Calderwood Castle was located in East Kilbride, Scotland. The castle was situated near the banks of the Rotten Calder Water in what is now Calderglen Country Park. Most likely constructed in the early to mid fifteenth century by the Maxwell family, the original peel tower collapsed in 1773. It was replaced by an extension to a large 18th-century country house called Calderwood House, which has itself since been demolished along with a later 1840s Gothic Revival addition.
An earlier building is suggested to have stood on the site or more likely a better defended former fort nearby to the north west, which allegedly belonged to the Barony of Mearns (Roland De Mernis); being passed to the Maxwells of Pollok through an alleged marriage not testified by extant genealogical records.
The first known castle built on the Calderglen site of the 'Dee of Calder' was a large rectangular tower house. It was constructed in the early 15th century as ascertained from stylistic designs known from images, as well as historical literature. This building, which is described as two adjoined towers with an extraordinarily thick middle wall, collapsed in January 1773 following several days of storms.
Later in the 18th century a mansion house was constructed on the site, which was extended in the 1840s. The latter development was executed in a spectacular form of Gothic Revival design, quite unique. The design has now been attributed to David Rhind, who was prominent during the period and on personal terms with the Maxwells of Calderwood as well as advertising for the building works during the 1830s. This architect is also thought to have designed the Maxwellton Schoolhouse, within a small weaving village on the old Calderwood Estate, which is still in good preservation as a residential area within the new town of East Kilbride.
In 1904 the Calderwood estate was sold to the Scottish Co-operative Wholesale Society (SCWS), who used the estate for agriculture. They also opened up the glen as a pleasure ground, and briefly turned the castle into a co-operative museum. During the First World War, around 200 refugees from Belgium were housed in the castle. The country house fell into disrepair following its use for billeting troops during the Second World War as well as maintenance costs. The estate was purchased by East Kilbride Development Corporation in 1947, by which time most of the castle was already demolished. The remaining sections were demolished with explosives in 1951. Nothing now remains except half-buried ruins and rubble and the intact walled driveway terrace which fronted the building.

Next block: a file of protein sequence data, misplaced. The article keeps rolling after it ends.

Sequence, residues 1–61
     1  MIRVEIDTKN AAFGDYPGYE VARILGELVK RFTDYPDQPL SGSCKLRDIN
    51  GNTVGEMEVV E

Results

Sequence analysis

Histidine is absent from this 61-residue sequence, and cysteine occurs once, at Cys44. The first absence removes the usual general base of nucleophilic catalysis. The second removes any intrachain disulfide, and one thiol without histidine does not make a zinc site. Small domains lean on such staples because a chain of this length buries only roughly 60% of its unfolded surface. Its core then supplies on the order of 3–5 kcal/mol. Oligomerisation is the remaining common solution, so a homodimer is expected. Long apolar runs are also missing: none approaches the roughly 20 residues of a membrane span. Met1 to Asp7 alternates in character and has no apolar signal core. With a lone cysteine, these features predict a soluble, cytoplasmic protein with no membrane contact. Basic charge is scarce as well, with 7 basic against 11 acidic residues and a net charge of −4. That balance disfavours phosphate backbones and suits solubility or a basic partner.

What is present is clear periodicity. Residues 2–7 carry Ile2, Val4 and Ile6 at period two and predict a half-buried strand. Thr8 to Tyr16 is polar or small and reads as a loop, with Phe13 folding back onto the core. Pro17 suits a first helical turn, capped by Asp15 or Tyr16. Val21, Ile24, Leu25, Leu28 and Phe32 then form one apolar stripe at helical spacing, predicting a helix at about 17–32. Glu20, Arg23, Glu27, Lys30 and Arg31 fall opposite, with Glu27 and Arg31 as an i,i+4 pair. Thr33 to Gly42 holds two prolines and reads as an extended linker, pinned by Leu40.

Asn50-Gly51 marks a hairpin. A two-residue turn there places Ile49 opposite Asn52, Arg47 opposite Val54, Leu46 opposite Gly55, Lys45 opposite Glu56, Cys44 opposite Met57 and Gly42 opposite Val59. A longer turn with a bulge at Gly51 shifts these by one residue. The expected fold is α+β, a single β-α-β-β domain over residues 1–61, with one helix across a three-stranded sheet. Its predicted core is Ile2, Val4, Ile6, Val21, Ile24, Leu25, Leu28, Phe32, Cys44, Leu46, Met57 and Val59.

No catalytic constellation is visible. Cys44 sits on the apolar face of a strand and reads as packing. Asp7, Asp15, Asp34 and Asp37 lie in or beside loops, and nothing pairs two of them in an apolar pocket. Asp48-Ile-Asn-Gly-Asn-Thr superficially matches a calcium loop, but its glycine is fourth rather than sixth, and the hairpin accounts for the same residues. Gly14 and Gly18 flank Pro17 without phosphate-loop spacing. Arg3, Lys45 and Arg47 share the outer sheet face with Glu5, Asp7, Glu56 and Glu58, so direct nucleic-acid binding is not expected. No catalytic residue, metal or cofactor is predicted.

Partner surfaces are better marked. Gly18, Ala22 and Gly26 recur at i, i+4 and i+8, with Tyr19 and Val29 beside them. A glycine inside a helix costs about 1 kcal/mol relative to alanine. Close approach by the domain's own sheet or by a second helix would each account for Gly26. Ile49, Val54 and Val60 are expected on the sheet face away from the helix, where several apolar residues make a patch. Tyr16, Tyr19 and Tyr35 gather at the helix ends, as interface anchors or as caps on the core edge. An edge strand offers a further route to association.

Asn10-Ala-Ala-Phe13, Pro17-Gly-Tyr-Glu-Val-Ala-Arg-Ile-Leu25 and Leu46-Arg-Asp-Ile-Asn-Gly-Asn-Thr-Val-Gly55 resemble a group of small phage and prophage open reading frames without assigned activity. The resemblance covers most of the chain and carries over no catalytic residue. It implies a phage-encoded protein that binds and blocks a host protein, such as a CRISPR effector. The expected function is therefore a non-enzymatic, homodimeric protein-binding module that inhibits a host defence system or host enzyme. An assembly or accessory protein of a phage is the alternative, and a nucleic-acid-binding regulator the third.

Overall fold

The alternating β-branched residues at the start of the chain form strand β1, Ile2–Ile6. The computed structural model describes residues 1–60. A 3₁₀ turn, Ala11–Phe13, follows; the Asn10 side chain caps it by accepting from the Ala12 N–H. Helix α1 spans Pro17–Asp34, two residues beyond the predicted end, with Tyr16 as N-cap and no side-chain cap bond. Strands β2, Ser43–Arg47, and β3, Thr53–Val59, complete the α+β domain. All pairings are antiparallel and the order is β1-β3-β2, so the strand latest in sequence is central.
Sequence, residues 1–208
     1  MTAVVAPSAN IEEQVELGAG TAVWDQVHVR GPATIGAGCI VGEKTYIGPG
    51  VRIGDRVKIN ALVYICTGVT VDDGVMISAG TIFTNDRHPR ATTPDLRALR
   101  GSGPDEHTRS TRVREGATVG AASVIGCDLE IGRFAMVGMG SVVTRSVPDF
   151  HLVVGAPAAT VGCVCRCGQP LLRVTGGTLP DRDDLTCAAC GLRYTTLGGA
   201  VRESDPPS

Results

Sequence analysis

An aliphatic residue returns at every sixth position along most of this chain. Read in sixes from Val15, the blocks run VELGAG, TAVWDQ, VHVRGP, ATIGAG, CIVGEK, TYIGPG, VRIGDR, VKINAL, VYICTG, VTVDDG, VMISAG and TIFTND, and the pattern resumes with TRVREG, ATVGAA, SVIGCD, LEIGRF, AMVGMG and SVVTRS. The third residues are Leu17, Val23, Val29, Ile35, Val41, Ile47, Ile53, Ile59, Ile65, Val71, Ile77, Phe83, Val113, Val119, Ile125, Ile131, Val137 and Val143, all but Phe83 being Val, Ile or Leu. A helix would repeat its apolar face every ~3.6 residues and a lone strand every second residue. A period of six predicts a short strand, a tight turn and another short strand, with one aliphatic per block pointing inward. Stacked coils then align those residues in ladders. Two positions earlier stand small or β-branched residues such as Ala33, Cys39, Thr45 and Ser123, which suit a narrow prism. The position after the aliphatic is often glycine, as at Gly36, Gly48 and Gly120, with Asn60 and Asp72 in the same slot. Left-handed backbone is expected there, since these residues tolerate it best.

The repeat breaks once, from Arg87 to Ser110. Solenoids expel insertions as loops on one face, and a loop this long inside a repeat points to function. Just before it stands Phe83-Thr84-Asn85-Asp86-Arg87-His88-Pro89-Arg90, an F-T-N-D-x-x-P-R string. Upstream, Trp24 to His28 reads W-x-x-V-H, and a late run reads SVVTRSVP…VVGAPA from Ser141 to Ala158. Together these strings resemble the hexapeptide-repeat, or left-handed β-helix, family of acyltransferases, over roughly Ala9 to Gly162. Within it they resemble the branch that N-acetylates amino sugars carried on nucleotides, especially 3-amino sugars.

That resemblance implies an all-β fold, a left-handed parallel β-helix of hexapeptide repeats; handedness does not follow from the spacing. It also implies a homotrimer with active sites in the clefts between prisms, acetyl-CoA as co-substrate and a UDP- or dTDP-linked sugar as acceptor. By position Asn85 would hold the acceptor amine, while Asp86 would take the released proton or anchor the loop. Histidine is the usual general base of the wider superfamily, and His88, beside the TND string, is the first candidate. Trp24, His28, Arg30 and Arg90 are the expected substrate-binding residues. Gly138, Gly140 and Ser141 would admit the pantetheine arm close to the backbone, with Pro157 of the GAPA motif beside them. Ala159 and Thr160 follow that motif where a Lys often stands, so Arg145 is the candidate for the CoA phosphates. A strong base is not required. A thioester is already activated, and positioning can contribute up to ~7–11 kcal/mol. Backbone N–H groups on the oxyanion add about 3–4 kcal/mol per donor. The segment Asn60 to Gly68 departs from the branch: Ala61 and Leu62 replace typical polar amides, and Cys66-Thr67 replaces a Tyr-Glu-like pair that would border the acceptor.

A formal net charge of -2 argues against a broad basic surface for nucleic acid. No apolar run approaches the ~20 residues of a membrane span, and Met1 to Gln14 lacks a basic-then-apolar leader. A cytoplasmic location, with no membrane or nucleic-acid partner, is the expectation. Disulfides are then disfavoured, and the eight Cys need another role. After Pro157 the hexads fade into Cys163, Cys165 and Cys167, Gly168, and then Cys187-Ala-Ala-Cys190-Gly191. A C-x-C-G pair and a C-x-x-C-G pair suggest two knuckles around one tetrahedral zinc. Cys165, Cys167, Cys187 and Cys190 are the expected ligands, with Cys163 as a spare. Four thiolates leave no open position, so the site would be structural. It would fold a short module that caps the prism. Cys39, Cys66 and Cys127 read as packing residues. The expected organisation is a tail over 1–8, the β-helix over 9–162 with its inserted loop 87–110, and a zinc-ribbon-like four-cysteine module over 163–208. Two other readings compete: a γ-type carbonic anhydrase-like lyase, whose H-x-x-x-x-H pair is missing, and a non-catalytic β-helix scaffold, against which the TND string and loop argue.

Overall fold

The now-ruined Craigneith Castle is located on the opposite side of the river, and served as a decorative folly, visible from Calderwood, as well as a viewing platform for the Calderwood Linn waterfall, and practically as servant quarters.
An engraving by A. Robertson after a sketch by Paul Sandby from c. 1750 depicts the castle viewed from the south. The engraving is recorded as having featured in Forsyth's Beauties of Scotland, although this book does not contain the engraving. The engraved view does appear in the August 1788 edition of the "Edinburgh Magazine or Literary Miscellany". An original finished watercolour of the scene was sold a few decades ago privately by public auction. Sandby worked the latter view up from a simpler bistre sketch of the same view, upon which the later engraving is based. This original sketch is held by the National Library of Wales and originally belonged to the antiquarian and naturalist Thomas Pennant.